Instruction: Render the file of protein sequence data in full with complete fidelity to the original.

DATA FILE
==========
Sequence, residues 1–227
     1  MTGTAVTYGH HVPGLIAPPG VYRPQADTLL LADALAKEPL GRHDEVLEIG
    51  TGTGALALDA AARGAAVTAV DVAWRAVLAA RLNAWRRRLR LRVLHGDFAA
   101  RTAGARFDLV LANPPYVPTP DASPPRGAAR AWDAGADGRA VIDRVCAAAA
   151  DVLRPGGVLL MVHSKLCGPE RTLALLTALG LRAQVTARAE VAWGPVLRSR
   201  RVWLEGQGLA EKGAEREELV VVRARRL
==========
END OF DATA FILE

Sequence, residues 1–227
     1  MTGTAVTYGH HVPGLIAPPG VYRPQADTLL LADALAKEPL GRHDEVLEIG
    51  TGTGALALDA AARGAAVTAV DVAWRAVLAA RLNAWRRRLR LRVLHGDFAA
   101  RTAGARFDLV LANPPYVPTP DASPPRGAAR AWDAGADGRA VIDRVCAAAA
   151  DVLRPGGVLL MVHSKLCGPE RTLALLTALG LRAQVTARAE VAWGPVLRSR
   201  RVWLEGQGLA EKGAEREELV VVRARRL